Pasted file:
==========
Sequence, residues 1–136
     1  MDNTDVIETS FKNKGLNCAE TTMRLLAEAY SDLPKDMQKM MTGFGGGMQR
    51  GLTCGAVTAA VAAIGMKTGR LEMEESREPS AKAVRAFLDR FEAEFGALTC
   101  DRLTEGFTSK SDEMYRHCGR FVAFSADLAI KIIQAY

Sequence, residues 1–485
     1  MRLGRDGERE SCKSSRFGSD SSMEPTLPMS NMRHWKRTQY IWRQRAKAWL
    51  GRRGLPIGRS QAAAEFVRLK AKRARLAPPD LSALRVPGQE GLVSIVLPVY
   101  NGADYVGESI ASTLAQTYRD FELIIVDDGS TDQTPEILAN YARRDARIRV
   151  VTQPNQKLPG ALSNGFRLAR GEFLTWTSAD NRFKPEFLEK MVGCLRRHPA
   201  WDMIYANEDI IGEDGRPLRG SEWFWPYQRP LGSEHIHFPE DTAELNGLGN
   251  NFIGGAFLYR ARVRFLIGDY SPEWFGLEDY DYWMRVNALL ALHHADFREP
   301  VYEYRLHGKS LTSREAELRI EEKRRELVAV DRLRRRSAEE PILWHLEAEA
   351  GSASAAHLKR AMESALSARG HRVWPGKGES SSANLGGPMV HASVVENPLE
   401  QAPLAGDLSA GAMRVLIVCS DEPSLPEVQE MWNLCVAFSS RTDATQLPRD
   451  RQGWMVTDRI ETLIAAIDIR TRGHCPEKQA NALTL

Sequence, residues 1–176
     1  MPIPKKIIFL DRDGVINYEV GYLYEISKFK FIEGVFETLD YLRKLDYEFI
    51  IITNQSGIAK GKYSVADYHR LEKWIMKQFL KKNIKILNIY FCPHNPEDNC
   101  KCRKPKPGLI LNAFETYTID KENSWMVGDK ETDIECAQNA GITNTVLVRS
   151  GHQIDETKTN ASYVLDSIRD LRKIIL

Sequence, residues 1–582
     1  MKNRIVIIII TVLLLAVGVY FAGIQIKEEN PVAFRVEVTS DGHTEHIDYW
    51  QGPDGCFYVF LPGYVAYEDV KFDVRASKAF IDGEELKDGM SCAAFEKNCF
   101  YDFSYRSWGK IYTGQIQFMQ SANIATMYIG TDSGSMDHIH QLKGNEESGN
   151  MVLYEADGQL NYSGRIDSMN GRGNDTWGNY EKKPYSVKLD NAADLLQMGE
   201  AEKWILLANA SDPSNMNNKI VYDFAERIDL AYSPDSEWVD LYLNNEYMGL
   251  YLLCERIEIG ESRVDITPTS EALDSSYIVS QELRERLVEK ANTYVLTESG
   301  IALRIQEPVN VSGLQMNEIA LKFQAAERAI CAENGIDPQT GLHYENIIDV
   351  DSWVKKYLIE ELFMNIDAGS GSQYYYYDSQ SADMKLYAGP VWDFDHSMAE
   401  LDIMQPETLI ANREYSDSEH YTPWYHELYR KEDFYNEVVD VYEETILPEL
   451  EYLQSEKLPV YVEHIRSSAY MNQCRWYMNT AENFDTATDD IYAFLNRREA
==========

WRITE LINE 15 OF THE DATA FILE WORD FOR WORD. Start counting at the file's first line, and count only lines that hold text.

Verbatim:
   451  RQGWMVTDRI ETLIAAIDIR TRGHCPEKQA NALTL